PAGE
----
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Lease Or Own Solar Panels?

Updated on July 9, 2014

Solar Power: Rent vs. Buy

Do you know there is a power plant in the sky? This power plant rises in the East every morning and sets in the West every night.

In case you have not figured it out: This power plant is called “THE SUN”.

Through a process called nuclear fusion---when atoms of hydrogen in the sun stick together and form a helium atom---the sun produces energy. Here is some great news:

  • The energy the sun produces per second can fulfill the entire population of the earth’s power needs many times over!
  • It only takes about 8 seconds for this energy (light) to travel to the earth!
  • Chances are that the sun will continue to exist for another 4 or 5 million years!

Scientists discovered this energy, the sunlight, and then find ways to transform it into electricity. A solar array, also called a photovoltaic array, is a set of solar modules electrically connected and fixed on a supporting structure. A solar module is made up of individual solar cells. A solar cell is an electrical device, usually made of silicon, that can transform sunlight into electricity.


In 1977, President Jimmy Carter stated, “Because we are now running out of gas and oil, we must prepare quickly for a third change, to strict conservation and to the use of coal and permanent renewable energy sources, like solar power.”

Do you know that President Carter installed 32 solar panels on the White House in 1979? Even though these panels were pulled down nearly two decades later, now when we look at the ever-increasing popularity of solar power, especially among homeowners in recent years, President Carter’s words and action have proven prophetic.

Costs Of Electricity!

Utility Bill Continues to Increase.
Utility Bill Continues to Increase.

Monthly Savings Estimate!

Solar Power Reduces Your Electricity Bill
Solar Power Reduces Your Electricity Bill

Why Solar?

President Carter was not the only one in the U.S. who was concerned about gas and oil shortage---it is one of the main reasons why more and more homeowners desire to go solar. Several other common reasons include:

  1. The process of converting solar energy into electricity does not produce harmful emissions that hurt the environment.
  2. Solar power can help reduce utility bill and save people money, immediately and over time.
  3. There is an emotional satisfaction in having some energy independence.
  4. There is also a financial satisfaction in knowing that the continual rising of utility rates will have less effect on their future money.
  5. Study shows that solar power systems can increase the value of the house.

Since there are so many advantages of equipping the homes with solar power, then why are solar power panels not sitting on top of every home? The biggest thing that is holding homeowners back is the high upfront cost of buying the solar power system.

Sunlight is free, but converting solar energy into electricity into your house is NOT.

Installing solar panels on home.
Installing solar panels on home.

Buying the Solar Power System Can Be Pricey

Exactly how much it will cost to install a solar power system varies---it depends on the size of the particular house, the amount of electricity the house owner needs, the specifics of the house (e.g., which direction does your roof face and are there trees around your house), and some other factors.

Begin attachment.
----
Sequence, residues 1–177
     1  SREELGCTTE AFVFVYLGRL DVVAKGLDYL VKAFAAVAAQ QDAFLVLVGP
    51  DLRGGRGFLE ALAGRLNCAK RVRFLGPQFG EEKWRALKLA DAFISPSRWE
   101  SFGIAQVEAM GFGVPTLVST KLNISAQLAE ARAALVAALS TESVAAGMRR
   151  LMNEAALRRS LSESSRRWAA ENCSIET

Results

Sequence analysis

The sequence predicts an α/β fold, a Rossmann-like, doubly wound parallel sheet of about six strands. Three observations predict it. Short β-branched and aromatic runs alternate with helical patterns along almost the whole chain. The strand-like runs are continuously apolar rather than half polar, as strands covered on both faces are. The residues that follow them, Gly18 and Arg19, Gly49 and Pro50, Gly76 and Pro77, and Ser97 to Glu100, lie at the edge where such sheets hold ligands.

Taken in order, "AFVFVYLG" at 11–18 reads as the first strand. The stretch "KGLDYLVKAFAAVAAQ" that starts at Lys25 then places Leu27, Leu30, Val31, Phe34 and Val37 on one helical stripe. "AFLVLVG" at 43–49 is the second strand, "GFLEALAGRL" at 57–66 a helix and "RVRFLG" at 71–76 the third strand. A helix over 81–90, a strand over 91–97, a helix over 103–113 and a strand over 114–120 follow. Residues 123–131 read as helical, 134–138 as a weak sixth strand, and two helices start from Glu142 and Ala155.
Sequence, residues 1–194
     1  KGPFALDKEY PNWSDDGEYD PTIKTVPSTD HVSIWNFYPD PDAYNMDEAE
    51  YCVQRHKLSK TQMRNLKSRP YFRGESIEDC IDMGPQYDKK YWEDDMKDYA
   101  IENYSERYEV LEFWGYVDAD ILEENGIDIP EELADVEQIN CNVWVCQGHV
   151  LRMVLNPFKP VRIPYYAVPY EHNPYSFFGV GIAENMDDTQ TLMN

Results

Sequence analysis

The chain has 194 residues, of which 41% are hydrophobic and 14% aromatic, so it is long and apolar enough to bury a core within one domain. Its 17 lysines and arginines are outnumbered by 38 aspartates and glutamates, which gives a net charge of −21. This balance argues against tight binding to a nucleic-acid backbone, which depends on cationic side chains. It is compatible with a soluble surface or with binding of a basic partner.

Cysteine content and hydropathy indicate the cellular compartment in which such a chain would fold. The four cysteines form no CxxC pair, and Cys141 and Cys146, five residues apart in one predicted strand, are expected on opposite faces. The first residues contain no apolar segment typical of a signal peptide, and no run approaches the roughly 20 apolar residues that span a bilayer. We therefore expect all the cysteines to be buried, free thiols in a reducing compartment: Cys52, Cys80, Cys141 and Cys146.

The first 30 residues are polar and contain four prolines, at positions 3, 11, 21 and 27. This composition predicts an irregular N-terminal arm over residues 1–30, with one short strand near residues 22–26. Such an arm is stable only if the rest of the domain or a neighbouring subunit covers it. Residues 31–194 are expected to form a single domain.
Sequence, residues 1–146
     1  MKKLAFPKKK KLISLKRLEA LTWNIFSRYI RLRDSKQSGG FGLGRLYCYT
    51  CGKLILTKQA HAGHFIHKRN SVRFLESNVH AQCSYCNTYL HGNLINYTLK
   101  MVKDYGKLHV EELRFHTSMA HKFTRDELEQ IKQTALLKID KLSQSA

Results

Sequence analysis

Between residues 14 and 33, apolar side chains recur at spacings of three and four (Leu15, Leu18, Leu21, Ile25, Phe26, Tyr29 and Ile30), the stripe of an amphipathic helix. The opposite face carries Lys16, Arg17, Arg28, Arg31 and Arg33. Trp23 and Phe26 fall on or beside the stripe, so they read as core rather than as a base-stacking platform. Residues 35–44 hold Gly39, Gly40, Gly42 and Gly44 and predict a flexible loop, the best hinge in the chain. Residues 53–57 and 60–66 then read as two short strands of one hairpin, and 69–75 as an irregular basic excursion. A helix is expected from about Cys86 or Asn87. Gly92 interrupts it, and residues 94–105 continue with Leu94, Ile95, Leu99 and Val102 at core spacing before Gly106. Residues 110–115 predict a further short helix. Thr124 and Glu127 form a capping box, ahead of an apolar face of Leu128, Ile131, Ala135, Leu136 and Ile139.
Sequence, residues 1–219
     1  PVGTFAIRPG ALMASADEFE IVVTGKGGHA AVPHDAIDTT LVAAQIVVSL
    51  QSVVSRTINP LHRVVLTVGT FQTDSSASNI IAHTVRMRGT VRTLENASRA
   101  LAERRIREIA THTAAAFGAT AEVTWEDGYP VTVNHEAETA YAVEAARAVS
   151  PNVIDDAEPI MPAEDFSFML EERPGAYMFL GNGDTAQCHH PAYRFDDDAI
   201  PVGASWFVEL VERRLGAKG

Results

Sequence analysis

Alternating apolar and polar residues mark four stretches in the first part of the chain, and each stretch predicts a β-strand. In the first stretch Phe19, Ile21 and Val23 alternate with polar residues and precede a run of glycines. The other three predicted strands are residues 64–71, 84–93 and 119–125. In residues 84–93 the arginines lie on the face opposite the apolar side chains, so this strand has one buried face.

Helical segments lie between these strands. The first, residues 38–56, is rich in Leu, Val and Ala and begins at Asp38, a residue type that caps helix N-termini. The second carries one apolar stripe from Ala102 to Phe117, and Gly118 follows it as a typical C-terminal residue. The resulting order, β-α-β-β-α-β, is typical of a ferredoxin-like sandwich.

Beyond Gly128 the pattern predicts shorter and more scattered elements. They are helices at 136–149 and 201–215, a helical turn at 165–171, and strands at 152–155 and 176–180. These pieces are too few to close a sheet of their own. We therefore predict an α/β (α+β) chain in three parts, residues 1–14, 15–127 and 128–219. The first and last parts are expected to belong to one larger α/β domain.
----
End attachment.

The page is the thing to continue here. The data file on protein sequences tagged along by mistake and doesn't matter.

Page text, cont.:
To give you a general idea: typically, homeowners would choose among 3 to 7 kilowatt solar power systems (a 3kW solar power system means it produces 3kWh electricity per hour under sufficient sunlight) and spend between $18,000 to $40,000. The following information provided by a solar company shows what you will likely be paying for: (Source:

Costs Of Solar Panels and Installation!

Cost Details
Estimated Lowest
Estimated highest
Equipment Costs ~ 45%
Solar Panels
Power Inverter
Mounting Hardware
Installation and Permitting Costs ~ 25%
System Installation
Permits and Fees
Maintenance and Operational Costs ~ 30%
Additional Operational and Overhead Costs
Residential solar panels.
Residential solar panels.

It's An Investment!

Buying and installing the solar power system onto your house can be appropriately viewed as an investment. Gregory Barker, British Energy and Climate Change Minister, even “suggested people would be better off installing solar panels on their roofs than investing in a pension” ( However, just like any other investment, many people simply do not have that much money to pay upfront.

Just like: I love the idea of making money by selling pizzas, but I do not have $265,000 to start a pizza shop!

Tax Credits, Incentives, and Rebates To The Rescue!

The good news is that federal, state, and local governments offer tax credits, various financial incentives, and rebates to encourage homeowners to go solar. The federal government allows homeowners to deduct 30% of their solar power system installation costs off their federal taxes.

For example: If you buy a solar power system that costs $20,000, you will pay $20,000 upfront, and then you can receive a credit of $6,000 when you file taxes the following year. In addition to federal tax credits, some states offer incentive programs that can cover up to an additional 30% of your solar power system cost. The incentive program rules, requirements, and definitions vary among states. To find out more about the incentive programs in a particular state, check out

By the way, these incentive programs are designed on a first-come-first-served basis. Meaning that there is a set amount of allotted funds, and as more people go solar and consume the funds, the rebate amount per home will continue to drop. In other words, if getting the rebates is your motivation to purchase a solar power system, you might want to do it sooner than later. Just a heads-up.

The graph below shows you how wonderfully the federal credits and other incentive programs can bring down the solar costs.

Costs By State!

Solar panels in residential area.
Solar panels in residential area.

Renting Is An Option!

If you really desire to enjoy the benefits of using solar energy in your house but are just sincerely against spending so much money upfront, you can explore two other options: using solar lease, or using a solar power purchase agreement (PPA).

Now you might want to first check and make sure that your state allows solar leasing---some states do not.

Solar lease and solar PPA are very similar. Basically, if you choose to go this route, you will be paying the solar company for the solar energy you enjoy while the solar company owns the solar power system and takes care of the installation and maintenance of the system---very similar to renting a house or getting cable service.